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The Appeal. (Saint Paul, Minn. ;) 1889-19??, November 23, 1912, Image 2

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THE APPEAL
NationalAfro-American Newspaper
PTJBIil-SHKD ITISKIT BY
ADAMS BROS. EDITORS AND PUBLISHERS
40 E. 4th Street, St. Paul, Minn.
ST. PATJL OFFICE
J. Q. ADAMS, Manager.
No. 236 Union Block, 49 E. 4th St.
MINNEAPOLIS OFFICE
JASPER GIBBS. Manager.
Metropolitan Bids., Room 1020.
CHICAGO OFFICE
C. V. ADAMS, Manager.
443 S. Dearborn -St., Suits 660.
TERMS STRICTLY IN ADVANCE
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When subscriptions are by any means al
lowed to run without prepayment, the
terms are GO cents for each 13 weeks
and 5 cents for each odd week, or at the
rate of $2.40 tier year.
Remittances should be made by Express
Money Order, Post Office Money Order,
Registered Letter or Bank Draft. Post
age Stamps will be received the sa me as
ca3h for the fractional parts of a dollar.
Only one cent and two cent stamps
taken.
silver should never be sent through the
mail. It is almost sure to wear a hole
through the envelope and be lost or
else it may be stolen. Persons who
sent silver to us in letters do so at their
own risk.
Marriage and death notices 10 lines or less
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ment strictly in advance, and to be an
nounced at all must come in season to
he news.
Advertising rates, 15 cents per agate line,
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Communications to receive attentions
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ters containing news or matter for pub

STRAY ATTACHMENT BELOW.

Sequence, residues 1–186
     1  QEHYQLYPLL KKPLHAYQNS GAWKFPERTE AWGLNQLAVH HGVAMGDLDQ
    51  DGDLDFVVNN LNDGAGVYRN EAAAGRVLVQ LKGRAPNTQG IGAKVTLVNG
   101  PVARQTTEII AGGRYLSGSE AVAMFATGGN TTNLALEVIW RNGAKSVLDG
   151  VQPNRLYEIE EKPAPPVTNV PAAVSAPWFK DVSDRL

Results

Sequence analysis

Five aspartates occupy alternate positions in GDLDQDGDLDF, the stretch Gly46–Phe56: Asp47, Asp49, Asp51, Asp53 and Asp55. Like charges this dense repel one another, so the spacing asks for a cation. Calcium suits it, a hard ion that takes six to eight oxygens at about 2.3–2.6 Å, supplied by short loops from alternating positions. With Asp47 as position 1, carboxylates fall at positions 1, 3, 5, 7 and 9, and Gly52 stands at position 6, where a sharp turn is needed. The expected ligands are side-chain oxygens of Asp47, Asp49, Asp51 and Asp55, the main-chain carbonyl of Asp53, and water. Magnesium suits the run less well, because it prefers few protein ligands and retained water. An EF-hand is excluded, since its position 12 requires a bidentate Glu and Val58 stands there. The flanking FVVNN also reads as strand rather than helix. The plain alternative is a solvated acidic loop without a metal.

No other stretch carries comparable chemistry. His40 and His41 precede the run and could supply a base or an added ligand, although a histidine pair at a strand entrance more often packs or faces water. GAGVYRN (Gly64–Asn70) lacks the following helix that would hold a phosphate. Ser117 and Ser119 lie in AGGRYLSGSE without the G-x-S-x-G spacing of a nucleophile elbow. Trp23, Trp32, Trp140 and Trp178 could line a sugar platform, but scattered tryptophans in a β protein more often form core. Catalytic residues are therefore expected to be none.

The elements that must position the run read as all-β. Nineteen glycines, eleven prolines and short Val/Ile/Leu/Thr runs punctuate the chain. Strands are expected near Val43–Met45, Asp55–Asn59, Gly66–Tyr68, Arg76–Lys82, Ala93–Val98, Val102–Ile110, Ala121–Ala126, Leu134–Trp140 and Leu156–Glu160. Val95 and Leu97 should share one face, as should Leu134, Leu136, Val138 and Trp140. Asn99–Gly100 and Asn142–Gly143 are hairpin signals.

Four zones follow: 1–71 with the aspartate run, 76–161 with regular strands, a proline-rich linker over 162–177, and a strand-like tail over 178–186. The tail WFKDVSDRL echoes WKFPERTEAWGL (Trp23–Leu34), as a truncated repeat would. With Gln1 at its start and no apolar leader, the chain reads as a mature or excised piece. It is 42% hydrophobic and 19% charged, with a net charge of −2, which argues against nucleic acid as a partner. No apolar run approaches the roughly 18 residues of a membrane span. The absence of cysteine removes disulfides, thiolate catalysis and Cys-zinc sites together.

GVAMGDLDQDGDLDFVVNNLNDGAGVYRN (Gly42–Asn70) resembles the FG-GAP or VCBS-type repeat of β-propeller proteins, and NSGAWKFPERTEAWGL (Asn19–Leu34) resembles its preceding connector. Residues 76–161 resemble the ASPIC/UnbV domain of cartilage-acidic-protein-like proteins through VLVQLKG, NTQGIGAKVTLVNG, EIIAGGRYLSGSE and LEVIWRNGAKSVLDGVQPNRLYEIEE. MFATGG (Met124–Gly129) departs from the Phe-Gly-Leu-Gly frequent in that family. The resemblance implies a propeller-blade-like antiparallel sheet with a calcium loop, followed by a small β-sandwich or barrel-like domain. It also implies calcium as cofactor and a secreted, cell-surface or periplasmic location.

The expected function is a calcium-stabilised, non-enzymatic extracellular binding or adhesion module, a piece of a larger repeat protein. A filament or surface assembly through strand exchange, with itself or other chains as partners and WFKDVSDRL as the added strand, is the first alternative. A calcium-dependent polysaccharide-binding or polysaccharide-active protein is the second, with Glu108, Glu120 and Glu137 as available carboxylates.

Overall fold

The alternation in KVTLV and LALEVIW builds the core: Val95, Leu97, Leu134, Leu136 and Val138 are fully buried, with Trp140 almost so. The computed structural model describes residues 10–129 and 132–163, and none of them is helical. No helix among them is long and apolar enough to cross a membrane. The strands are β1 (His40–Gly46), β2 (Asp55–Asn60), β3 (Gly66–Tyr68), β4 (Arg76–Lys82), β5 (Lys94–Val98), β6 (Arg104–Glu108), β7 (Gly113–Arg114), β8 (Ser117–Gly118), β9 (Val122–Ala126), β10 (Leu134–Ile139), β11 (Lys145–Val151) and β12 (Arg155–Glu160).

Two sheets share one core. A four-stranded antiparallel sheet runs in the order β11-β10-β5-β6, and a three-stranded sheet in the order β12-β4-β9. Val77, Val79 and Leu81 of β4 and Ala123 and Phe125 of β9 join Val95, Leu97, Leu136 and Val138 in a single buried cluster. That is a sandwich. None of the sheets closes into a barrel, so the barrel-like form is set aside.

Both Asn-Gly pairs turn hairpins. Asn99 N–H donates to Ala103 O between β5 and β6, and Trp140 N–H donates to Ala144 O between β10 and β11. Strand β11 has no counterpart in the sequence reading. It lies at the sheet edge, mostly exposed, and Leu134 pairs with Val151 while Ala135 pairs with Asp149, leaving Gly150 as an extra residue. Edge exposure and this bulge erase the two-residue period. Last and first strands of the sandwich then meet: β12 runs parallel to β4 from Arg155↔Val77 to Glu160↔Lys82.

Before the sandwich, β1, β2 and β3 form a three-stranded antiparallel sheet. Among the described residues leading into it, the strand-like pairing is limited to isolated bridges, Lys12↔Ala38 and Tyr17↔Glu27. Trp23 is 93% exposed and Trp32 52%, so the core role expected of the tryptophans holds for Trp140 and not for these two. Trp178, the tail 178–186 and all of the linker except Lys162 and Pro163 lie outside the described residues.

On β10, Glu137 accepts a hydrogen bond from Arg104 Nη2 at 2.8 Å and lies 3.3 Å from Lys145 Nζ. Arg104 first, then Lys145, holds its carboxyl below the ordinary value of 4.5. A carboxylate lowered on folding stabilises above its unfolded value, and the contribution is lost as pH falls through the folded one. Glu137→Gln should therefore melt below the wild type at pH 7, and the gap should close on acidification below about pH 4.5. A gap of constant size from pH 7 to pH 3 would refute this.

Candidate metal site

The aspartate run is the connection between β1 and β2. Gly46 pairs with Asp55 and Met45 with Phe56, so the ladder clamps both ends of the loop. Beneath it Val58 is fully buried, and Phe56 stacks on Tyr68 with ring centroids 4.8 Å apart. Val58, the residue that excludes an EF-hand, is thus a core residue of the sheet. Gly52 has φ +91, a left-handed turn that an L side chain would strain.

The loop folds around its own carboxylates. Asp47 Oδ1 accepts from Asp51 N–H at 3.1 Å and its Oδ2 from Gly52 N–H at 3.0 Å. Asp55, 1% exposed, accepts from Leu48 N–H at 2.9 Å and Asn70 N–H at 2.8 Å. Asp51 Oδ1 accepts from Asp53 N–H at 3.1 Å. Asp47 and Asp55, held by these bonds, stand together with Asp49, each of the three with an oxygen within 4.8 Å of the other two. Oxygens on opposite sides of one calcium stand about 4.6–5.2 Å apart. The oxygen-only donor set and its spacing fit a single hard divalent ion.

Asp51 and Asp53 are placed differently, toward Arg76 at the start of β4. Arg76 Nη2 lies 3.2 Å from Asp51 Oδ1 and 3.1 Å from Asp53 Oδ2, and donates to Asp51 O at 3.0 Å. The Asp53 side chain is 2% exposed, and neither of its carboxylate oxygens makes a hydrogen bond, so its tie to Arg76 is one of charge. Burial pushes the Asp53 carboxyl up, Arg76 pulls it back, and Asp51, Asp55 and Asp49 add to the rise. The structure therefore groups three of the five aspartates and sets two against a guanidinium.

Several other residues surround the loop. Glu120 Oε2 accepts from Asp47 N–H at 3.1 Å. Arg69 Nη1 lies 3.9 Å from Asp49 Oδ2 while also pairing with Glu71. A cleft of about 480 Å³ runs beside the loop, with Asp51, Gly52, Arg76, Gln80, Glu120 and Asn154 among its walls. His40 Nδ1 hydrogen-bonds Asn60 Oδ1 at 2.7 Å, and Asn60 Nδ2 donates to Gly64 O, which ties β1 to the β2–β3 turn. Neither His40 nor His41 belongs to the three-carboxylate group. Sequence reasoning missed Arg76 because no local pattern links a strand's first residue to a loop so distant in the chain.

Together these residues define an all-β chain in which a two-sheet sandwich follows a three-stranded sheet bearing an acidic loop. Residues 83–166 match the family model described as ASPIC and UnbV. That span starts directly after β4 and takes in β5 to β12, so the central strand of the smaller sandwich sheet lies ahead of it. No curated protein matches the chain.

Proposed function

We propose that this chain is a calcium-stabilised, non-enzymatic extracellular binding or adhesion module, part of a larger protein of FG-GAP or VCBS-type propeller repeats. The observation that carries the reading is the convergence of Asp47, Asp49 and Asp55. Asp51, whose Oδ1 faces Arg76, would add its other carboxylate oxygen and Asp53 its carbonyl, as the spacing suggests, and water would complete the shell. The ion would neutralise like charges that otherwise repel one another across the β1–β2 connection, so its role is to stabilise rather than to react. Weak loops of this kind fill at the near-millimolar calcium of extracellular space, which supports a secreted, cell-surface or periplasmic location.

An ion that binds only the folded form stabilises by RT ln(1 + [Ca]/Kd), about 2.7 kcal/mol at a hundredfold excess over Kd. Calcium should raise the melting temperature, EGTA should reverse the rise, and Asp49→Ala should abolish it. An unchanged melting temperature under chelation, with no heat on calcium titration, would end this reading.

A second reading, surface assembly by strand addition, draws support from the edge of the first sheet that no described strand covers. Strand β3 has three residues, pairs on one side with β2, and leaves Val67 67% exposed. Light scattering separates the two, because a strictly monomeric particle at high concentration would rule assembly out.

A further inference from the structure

lication. Entered as second class matter
June 6, 1885 at the postoffice at St. Paul,
Minn., under act of Congress, March S,
1879.
SATURDAY NOV. 23, 1912.
There come times when Burns' "A
man's a man for a' that and a* that" is
verified. One of these was during the
recent railroad collision on the Yazoo &
Mississippi Valley railroad near Montz,
La., when a through freight train
crashed into the rear of an excursion
of ten coaches killing fifteen persons
and injuring ninety-two. The press
dispatches state that the two rear
coaches which were telescoped by the
freight engine, caught fire immedi
ately. Passengers who had escaped
injury rushed into the wrecked
coaches and dragged dead and injured
from the flames. Several of the occu
pants of the front coaches who
escaped injury were burned in their
efforts to save those less fortunate.
White men risked their lives to save
blacks from the rapidly spreading
flames, and black men rushed into the
steam and flames to rescue white per
sons as well as members of their own
race.
The wonders of surgical skill are,
daily, affairs now-a-days. A short time
ago a woman had been operated on
for tubercular ulcer and the opera
tion had left a wound on her arm
that would not heal, as the skin would
not grow. About two weeks ago a live
skye terrier puppies skin was graf
ted on her arm and the operation was
successful, and she has now gone to
her home taking the puppy with her.
This is said to be the first operation
of its kind that was ever performed.
Wonders will never cease.
There is a Prof. Knox traveling
around the country, who claims 10
have invented Mental Science. I.e
says it will bring long life and pros
perity. He say he will live 10,000